Fathering – the best job on the planet

New mums tend to get more information than new dads. Sometimes it seems as if the world is revolving around your partner and your baby, but there is so much you can do in your new role as a dad.

You and your child

Good dads come in all shapes and sizes, and all have different ways of being a dad. 

New mums tend to be given more information than new dads. Sometimes it seems as if the world revolves around your partner and your baby.

The most important thing you can give your children is your time. Research tells us that children benefit from having dads who provide a loving, stimulating and secure environment. So spend time with your child: smile, talk, read, sing, cuddle and have fun.

Children from these environments are healthier, learn better, and are more successful in many different ways. If you have other children, remember to make time for them too.

Get your other children involved with the new baby, so that they feel part of the new family/whānau.

At first, it may seem that your new baby needs mum more than they need you.

The time you put into your relationship with your child from the earliest days will pay off. Be patient, and trust that you are important to your baby.

Check out some activities that will help you bond with your children.

Parenting roles

There are many different ways to share parenting. You may decide to share parenting equally, or that one of you will be the primary caregiver. Men who are involved with caring for their children usually find it a rewarding experience.

Talking about care for your child and sharing tasks will help build a strong relationship between you and your partner.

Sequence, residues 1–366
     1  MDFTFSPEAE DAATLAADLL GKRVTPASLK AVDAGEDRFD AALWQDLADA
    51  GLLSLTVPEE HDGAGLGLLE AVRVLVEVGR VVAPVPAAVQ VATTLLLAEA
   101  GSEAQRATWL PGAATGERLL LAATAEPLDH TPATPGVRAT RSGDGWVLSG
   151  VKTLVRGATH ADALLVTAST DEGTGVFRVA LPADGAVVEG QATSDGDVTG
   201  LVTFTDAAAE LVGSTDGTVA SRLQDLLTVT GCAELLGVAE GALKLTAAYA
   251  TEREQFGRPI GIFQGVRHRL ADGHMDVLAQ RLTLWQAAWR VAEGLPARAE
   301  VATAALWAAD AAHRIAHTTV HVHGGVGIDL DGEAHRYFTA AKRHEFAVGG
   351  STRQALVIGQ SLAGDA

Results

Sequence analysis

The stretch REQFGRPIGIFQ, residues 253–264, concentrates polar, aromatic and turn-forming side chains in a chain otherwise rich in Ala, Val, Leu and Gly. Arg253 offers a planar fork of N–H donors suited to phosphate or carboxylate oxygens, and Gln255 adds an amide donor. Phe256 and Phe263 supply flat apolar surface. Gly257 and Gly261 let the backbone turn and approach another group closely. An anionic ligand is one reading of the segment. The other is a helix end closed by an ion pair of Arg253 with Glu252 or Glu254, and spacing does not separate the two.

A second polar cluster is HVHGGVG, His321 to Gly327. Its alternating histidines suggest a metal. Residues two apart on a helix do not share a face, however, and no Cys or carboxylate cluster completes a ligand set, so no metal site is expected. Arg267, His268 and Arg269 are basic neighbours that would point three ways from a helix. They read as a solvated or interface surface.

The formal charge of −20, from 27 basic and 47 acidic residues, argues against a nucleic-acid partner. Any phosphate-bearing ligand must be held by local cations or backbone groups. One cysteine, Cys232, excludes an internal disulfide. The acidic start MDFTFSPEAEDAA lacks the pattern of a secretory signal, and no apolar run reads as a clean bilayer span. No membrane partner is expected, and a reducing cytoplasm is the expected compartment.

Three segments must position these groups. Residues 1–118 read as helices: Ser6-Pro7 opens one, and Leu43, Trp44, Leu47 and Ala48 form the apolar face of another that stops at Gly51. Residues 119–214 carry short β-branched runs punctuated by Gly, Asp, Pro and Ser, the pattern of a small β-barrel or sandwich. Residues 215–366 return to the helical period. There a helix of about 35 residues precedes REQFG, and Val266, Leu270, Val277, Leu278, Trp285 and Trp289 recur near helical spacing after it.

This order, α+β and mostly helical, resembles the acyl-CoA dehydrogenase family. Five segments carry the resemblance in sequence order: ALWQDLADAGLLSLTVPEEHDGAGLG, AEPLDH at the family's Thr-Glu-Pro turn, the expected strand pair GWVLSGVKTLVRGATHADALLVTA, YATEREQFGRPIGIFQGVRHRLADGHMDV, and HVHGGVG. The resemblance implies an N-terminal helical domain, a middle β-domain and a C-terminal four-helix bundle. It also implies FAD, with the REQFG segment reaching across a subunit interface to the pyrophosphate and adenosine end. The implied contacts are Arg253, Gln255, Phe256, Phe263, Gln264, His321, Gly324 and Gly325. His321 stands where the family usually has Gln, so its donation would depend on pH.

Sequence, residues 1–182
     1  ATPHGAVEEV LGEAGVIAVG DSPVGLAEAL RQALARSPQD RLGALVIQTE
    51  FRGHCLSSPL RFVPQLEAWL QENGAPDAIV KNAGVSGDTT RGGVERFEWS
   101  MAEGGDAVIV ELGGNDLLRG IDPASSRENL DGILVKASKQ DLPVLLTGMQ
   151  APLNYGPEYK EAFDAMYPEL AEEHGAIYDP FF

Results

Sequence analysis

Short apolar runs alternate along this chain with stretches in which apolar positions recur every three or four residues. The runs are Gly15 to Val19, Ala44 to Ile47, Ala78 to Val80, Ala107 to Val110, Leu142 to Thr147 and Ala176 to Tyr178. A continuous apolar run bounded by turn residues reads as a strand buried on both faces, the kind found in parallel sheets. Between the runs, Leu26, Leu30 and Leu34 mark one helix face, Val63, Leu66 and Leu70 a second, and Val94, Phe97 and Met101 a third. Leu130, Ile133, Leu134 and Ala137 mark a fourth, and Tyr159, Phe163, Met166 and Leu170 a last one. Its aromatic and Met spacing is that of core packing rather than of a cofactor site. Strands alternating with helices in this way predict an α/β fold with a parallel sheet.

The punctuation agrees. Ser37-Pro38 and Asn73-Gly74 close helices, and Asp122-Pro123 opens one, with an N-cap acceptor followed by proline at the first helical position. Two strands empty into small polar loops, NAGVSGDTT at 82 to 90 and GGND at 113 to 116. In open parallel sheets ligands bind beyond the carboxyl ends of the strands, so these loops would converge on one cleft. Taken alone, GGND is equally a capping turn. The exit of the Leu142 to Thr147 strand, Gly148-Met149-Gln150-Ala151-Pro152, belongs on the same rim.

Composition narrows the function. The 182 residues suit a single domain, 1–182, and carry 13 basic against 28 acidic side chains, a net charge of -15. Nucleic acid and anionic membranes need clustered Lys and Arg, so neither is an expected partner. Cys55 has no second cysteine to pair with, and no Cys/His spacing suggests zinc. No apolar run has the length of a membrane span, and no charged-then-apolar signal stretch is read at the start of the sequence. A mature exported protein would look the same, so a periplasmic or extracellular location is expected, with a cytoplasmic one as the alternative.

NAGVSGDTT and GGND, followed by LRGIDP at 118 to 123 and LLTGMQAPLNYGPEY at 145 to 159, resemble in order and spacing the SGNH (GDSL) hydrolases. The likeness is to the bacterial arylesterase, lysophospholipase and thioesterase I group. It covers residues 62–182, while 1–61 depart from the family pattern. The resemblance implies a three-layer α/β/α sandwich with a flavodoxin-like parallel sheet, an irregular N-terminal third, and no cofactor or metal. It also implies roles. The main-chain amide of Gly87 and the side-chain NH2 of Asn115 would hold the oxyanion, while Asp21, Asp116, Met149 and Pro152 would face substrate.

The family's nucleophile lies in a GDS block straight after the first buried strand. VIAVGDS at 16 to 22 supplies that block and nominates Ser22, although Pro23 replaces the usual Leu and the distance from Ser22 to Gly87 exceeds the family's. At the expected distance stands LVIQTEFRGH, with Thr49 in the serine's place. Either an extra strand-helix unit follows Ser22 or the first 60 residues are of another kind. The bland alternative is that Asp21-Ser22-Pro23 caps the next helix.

Talk to your partner about how you want to be with your child. This will help you to work out your parenting ideas, and better understand your roles as parents.

Earlier, we talked about how your experience of being a child helps to shape the way you parent. Some men want to be the kind of dad their father was. Some want to parent differently. 

If you live apart

Even if you don’t live with your child, you and your child’s mother are still partners in parenting. Your child needs you both. If you live apart, you’ll also need to find out what your responsibilities are for child support and care.

Many parents work out their own arrangements. You can get free and independent advice from Relationship Services or through the Family Court parenting programmes.

Parenting alone

If you are your child’s only parent, there will be times when you’re tired or worried, and need to share the care of your child with your support people, family and friends.

Think about what sort of support you need to be a good dad to your child, and ask Plunket to help you contact the right people.


Useful links and resources

Great Fathers 
A website that has tips and tricks for dads coping with life with a new baby.

A dad's survival guide – SKIP 
The SKIP website offers a range of great tips including a new dad’s toolkit for baby’s first few weeks. 


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